How Coffee Cups With Lids Have Changed Over Time

Designed to help consumers drink on the go, coffee cups with lids have become part of our daily lives. But while we take these functional, everyday objects for granted, they’ve undergone significant changes over time. Some of these changes were driven by safety concerns, while others have aimed to enhance the consumer experience.

Historically, cup lids were simple disks made of paper or plastic that snapped onto the rim of the cup. These were intended to prevent spilling while the consumer sipped their beverage on the move, a task that could be difficult if the drink was frothy. To address these issues, some manufacturers designed a lid with a slight protrusion, allowing the user to place their lips around it without hitting them against the side of the cup.

More recently, many designers and manufacturers have been focused on taking the lid beyond its traditional function. One popular innovation is a sliding valve, which allows steam to escape while equalising pressure in the container. Another is a sleeve that can be inserted into the opening, to cover the drinking port and help prevent coffee splashing out of the cup.

Lids have also been engineered to improve ergonomics and ease of use. Some have a small protrusion that helps to grip the cup, while other designs are more rounded, which is less likely to cause discomfort. These lids also often feature small holes that allow air to pass through, reducing the chances of hot coffee burning the lips or fingers.

Another major focus of modern cup lids is sustainability, with manufacturers increasingly aiming to minimise the impact of these disposable products. For example, some lids are now made from a biodegradable material, such as fibre from bagasse or wood, that’s 100% free from single-use plastic. Then there’s the option of a push-button design that doesn’t require an open/close switch, allowing the user to control their drink’s flow with a simple press.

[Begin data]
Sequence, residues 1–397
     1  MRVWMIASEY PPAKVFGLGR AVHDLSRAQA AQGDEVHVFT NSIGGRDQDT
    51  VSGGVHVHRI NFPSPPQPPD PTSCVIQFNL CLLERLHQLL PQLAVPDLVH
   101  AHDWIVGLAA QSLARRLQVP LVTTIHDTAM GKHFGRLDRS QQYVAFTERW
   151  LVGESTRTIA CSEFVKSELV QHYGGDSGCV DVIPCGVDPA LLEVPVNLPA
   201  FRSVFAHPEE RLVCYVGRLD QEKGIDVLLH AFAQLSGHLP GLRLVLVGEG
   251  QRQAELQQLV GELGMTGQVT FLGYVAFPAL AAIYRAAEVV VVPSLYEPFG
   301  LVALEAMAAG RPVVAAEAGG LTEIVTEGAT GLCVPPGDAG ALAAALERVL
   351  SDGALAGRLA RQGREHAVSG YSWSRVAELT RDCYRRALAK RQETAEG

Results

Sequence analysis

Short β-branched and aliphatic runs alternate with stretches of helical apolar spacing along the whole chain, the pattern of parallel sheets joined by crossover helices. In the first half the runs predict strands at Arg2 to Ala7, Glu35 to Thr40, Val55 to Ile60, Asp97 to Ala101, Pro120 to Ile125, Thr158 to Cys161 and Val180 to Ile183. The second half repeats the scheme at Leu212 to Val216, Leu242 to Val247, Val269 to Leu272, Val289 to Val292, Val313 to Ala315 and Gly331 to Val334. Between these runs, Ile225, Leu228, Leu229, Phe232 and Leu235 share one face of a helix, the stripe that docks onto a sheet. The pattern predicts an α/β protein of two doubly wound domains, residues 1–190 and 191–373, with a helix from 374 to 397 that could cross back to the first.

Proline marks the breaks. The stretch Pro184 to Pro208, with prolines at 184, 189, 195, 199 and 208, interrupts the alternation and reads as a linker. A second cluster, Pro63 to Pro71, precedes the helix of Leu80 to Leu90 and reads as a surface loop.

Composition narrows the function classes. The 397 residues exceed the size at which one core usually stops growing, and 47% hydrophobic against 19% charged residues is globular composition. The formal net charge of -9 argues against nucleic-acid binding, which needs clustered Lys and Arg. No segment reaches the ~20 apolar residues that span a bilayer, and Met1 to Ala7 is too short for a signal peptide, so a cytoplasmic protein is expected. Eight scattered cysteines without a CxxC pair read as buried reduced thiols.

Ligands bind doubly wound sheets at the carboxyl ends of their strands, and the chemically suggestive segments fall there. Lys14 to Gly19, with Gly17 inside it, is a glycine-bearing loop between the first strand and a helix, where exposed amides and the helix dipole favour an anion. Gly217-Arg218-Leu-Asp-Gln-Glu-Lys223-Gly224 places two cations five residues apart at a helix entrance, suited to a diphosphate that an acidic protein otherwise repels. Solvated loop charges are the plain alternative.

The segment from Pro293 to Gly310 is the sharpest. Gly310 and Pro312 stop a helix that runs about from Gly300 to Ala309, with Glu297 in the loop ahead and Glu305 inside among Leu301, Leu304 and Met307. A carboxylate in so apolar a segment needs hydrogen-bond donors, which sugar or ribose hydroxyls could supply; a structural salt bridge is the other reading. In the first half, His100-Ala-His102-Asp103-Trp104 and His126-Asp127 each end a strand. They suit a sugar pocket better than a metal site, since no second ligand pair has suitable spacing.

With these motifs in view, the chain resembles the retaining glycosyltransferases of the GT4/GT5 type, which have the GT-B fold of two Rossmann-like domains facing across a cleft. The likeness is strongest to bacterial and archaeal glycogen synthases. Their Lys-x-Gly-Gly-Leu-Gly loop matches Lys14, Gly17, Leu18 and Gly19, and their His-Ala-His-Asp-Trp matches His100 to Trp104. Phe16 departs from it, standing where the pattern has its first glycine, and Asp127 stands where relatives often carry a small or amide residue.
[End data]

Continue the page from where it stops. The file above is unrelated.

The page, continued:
As the outbreak of Covid-19 continues to raise concerns about food safety, some experts predict that future coffee cup lids will also include sanitary features to protect customers from contamination. For example, one patented design by Bill Levey involves a sabar that covers the lid’s mouthpiece and reduces the chance of contaminated fingers touching the cup surface.

Whether you’re commuting to work or out for a hike, a travel mug is a great way to take your coffee on the go. However, with so many options available, how do you choose the best one for you? To help, we’ve put together a guide on the best travel coffee mugs on the market, based on editor-tested insights and our own research.

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